Florian Shulz: Freedom to Roam
Florian Schulz is a professional nature photographer and a founding member of the International League of Conservation Photographers (ILCP). His Freedom to Roam Project chronicles wildlife migration corridors and shows how each piece of the conservation puzzle connects with the others. This project documents the affects of global warming and human encroachment on wild spaces and makes clear the need for protected wildlife corridors to allow migrating species to be able to move throughout their ranges safely and freely.
Phase one of the Freedom to Roam project documents the wildlife corridor that runs from the arctic down along the coast and through the mountains of North America. The photography from this phase, known as Y2Y or Yellowstone to Yukon, was compiled into a book and selected photos are also on display at the Field Museum in Chicago. Schultz is now starting work on phase two, B2B or Baja to the Beaufort Sea.
The stunning video, available on Vimeo, puts a face to the conservation efforts and shows just what it is scientists and other conservationists are working to protect. The caribou in this video migrate over proposed oil drilling land, pristine wilderness that the oil companies would have us believe is barren and purposeless but for the oil that lies beneath it. With the effects of global warming diminishing arctic habitat it is more important than ever to protect that habitat, and to make more habitat accessible to arctic wildlife.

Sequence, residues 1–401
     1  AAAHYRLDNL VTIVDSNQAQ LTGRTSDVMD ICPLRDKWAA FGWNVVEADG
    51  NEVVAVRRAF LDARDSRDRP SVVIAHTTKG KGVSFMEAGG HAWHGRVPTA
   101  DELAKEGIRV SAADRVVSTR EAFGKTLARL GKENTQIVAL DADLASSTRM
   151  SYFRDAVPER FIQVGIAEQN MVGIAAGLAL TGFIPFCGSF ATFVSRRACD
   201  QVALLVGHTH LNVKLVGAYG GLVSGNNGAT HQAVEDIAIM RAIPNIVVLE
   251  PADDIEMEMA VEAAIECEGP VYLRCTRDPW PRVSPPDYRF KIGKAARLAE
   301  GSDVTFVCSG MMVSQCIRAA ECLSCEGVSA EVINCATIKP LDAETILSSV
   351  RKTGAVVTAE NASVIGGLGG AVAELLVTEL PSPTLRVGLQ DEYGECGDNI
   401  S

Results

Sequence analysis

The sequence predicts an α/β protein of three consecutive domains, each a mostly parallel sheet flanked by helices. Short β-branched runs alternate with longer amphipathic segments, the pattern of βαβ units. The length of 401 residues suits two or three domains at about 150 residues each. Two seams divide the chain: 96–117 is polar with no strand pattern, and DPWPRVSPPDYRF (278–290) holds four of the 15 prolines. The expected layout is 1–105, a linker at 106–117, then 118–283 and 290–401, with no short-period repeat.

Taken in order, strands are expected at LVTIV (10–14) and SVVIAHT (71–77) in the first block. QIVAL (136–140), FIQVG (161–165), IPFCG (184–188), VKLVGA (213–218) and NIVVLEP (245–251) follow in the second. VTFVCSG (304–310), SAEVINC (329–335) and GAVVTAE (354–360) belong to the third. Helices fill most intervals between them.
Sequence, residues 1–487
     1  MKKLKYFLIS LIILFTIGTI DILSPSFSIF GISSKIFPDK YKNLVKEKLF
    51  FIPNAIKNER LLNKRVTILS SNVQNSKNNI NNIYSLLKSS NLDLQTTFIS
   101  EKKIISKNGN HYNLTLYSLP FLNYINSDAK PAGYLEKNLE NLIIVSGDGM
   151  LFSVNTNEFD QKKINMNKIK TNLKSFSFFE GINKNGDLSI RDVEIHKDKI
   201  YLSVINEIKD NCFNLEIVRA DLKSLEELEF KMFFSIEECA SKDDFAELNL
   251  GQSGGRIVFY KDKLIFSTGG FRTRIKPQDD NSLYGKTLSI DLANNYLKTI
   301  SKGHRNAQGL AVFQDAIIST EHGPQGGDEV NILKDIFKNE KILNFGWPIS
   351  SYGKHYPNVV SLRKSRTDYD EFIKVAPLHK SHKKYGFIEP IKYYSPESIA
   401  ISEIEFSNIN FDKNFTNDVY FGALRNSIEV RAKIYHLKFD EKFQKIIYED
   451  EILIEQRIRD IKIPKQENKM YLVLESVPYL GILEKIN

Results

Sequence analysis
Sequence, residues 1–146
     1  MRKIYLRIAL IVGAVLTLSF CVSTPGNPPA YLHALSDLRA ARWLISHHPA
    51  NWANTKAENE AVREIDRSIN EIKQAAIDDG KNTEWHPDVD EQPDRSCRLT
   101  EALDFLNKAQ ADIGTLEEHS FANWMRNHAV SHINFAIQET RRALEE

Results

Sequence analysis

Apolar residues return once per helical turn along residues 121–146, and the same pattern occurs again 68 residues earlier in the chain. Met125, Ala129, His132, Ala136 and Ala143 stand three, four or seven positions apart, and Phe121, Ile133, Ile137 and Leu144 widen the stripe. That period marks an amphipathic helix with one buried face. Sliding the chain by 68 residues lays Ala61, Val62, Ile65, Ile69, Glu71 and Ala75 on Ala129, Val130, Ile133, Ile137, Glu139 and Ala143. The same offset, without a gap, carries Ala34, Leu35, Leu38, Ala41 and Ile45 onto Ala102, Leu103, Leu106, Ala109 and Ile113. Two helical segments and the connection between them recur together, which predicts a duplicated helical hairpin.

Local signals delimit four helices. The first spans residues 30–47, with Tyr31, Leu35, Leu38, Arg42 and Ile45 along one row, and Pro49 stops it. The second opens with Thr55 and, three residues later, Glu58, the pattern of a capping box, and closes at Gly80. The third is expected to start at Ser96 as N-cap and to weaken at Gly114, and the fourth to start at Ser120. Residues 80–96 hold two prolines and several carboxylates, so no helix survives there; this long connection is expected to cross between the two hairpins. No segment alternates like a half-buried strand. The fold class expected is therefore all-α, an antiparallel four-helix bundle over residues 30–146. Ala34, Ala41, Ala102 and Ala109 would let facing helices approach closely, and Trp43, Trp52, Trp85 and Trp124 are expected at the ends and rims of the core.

For more information on the Freedom to Roam project and award-winning photographer Florian Shulz visit visionsofthewild.com. The NY Times article Home on the Range also provides information on the proposed protection of the Y2Y wildlife corridor.
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When we were in Yellowstone last summer we saw an exhibit of his work. Beautiful. Then again, we saw one in Chicago in May, at the Museum of Natural History. He’s amazing. Thank you for sharing his message.
When we were ij Yellowstone last summer we saw an exhibit of his work. Beaitiful. Then again, we saw one in Chicago in May, at the Museum of Natural History. He's amazing. Thank you for sharing his message.;